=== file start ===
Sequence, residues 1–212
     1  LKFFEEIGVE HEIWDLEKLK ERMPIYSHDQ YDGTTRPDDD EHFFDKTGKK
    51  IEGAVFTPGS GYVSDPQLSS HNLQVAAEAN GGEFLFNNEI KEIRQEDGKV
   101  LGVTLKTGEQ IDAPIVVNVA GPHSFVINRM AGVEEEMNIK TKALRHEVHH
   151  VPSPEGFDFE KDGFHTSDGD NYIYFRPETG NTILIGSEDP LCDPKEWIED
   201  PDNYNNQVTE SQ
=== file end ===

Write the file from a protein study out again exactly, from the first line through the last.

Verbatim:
Sequence, residues 1–212
     1  LKFFEEIGVE HEIWDLEKLK ERMPIYSHDQ YDGTTRPDDD EHFFDKTGKK
    51  IEGAVFTPGS GYVSDPQLSS HNLQVAAEAN GGEFLFNNEI KEIRQEDGKV
   101  LGVTLKTGEQ IDAPIVVNVA GPHSFVINRM AGVEEEMNIK TKALRHEVHH
   151  VPSPEGFDFE KDGFHTSDGD NYIYFRPETG NTILIGSEDP LCDPKEWIED
   201  PDNYNNQVTE SQ